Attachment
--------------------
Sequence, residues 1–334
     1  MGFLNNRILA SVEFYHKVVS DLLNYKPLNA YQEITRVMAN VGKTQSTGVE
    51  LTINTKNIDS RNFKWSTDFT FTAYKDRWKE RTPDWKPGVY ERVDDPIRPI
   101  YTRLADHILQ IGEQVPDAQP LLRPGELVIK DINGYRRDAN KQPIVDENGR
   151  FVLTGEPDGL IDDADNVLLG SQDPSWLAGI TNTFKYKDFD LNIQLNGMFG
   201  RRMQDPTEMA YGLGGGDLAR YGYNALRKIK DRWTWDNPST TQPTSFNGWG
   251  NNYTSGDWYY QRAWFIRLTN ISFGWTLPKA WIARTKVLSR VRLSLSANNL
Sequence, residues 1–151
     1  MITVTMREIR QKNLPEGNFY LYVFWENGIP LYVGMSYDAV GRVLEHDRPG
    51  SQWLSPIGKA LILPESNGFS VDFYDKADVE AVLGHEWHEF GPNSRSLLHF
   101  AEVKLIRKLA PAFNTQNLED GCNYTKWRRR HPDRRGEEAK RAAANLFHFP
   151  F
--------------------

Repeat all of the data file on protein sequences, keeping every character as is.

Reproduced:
Sequence, residues 1–334
     1  MGFLNNRILA SVEFYHKVVS DLLNYKPLNA YQEITRVMAN VGKTQSTGVE
    51  LTINTKNIDS RNFKWSTDFT FTAYKDRWKE RTPDWKPGVY ERVDDPIRPI
   101  YTRLADHILQ IGEQVPDAQP LLRPGELVIK DINGYRRDAN KQPIVDENGR
   151  FVLTGEPDGL IDDADNVLLG SQDPSWLAGI TNTFKYKDFD LNIQLNGMFG
   201  RRMQDPTEMA YGLGGGDLAR YGYNALRKIK DRWTWDNPST TQPTSFNGWG
   251  NNYTSGDWYY QRAWFIRLTN ISFGWTLPKA WIARTKVLSR VRLSLSANNL
Sequence, residues 1–151
     1  MITVTMREIR QKNLPEGNFY LYVFWENGIP LYVGMSYDAV GRVLEHDRPG
    51  SQWLSPIGKA LILPESNGFS VDFYDKADVE AVLGHEWHEF GPNSRSLLHF
   101  AEVKLIRKLA PAFNTQNLED GCNYTKWRRR HPDRRGEEAK RAAANLFHFP
   151  F